We are told that the progress of science is usually for the better, but is it?
For my most recent installation entitled Sexing Games, I have been exploring the idea of the gender selection process in unborn embryos. This obscure and fact based procedure is becoming more readily available. Sex selection, fertility and the screening of potential children for genetic abnormalities has been a topic of discussion throughout the media and in political arenas of late. Our exposure to these advances has raised many questions in the minds of politicians, spiritual leaders and citizens alike. What if you had the ability to choose the sex of your unborn child before conception? Or its eye color? Its hair color? Sexuality? Penis size? Breast size? Special talents?
Is gender selection a case of technology succeeding morality, or is it simply the next step in our evolution? What are our responsibilities concerning the raising of a perfect child? How much pressure would be placed on this child if we end up disappointed? How many issues can we address through the method of genetic structuring? Sexing Games is a satirical stab at the growing ability to choose the sex of ones child. This installation exaggerates and pokes fun at the serious subject of gender selection. It raises significant queries in the ethics of science, and the viewer is left with these questions : Are we upsetting the natural balance of male and female, that nature has always displayed? In other words are we playing God? What will be the consequences? Will there come a day when we can mail order the perfect child, exactly to our own specification, cryogenically frozen, packaged and delivered to our door step, and waiting to be implanted? Should we allow this genetic manipulation to continue, or are these games going too far?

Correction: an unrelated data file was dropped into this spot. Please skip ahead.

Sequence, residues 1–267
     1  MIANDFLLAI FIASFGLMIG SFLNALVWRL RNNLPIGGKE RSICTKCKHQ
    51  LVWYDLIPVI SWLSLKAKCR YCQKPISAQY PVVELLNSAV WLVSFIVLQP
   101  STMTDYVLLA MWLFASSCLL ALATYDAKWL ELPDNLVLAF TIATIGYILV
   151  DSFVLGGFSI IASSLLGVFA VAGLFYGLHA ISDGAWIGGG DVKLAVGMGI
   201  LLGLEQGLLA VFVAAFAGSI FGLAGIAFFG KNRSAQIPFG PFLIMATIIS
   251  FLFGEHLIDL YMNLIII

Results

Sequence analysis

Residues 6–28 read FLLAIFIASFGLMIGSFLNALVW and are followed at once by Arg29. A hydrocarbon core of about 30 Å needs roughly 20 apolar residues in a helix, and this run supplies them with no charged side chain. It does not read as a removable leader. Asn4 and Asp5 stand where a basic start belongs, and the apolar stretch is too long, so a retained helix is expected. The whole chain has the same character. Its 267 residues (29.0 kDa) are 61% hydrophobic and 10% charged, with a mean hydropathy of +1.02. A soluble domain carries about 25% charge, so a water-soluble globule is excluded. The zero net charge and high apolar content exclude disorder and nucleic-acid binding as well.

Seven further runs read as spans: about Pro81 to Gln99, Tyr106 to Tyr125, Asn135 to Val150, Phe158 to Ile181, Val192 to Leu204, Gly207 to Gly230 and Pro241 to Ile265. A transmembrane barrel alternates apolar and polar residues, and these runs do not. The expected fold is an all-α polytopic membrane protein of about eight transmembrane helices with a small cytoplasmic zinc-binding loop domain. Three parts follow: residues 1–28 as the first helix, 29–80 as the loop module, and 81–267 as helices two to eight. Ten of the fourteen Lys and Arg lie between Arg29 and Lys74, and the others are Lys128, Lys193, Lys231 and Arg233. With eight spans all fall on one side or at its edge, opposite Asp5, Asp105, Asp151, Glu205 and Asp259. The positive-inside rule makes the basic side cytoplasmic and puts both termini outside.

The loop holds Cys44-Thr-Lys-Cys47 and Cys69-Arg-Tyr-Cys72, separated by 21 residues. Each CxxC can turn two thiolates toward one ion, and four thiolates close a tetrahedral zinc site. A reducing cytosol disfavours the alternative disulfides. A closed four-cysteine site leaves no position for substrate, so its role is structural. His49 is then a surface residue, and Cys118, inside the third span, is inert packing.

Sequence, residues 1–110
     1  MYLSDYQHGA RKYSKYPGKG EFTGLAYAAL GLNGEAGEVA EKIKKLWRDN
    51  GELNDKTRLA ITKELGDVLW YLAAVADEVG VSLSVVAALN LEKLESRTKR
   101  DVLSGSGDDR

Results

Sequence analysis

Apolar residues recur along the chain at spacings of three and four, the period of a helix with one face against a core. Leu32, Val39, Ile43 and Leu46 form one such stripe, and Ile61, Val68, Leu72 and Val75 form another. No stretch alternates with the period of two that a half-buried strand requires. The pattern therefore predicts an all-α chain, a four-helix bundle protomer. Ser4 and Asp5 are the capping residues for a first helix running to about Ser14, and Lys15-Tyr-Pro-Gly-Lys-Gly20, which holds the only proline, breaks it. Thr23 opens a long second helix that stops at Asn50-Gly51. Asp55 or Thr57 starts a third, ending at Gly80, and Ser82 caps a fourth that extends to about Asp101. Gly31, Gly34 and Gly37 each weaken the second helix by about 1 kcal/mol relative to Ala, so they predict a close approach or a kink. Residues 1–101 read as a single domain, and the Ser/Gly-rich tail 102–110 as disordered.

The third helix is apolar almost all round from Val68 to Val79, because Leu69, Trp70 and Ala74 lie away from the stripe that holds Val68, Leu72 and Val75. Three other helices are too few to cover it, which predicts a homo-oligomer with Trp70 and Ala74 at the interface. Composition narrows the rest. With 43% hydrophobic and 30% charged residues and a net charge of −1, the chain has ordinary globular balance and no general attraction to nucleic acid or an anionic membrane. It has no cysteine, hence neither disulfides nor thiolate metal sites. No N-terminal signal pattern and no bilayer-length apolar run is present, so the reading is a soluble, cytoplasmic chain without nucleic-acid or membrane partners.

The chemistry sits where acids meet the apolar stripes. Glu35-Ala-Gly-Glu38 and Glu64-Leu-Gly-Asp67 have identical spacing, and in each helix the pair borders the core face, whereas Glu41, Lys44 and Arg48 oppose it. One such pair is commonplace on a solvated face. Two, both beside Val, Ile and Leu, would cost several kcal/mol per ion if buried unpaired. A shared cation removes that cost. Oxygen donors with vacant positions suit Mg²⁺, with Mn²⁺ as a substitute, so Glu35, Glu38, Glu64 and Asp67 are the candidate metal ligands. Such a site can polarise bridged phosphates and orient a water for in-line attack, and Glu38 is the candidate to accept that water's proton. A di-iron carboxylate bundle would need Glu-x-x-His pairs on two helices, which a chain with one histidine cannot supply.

The concept for this work merges art with social and leisure events that our culture participates in. Sexing Games is a mixed media, carnival themed installation, comprised of my interpretations of three popular sideshow games. Big Choice, Egg Drop and Straight Shooter, all are intended to be interactive and viewers are encouraged to play. In using familiar and fun carnival attractions, the heavy subject of gender selection is presented in a more approachable way. The viewers have a chance to take home not only the questions evoked by the work, but with the right touch, perhaps even a piece of the work itself!www.BethGiacummo.comBeth Giacummo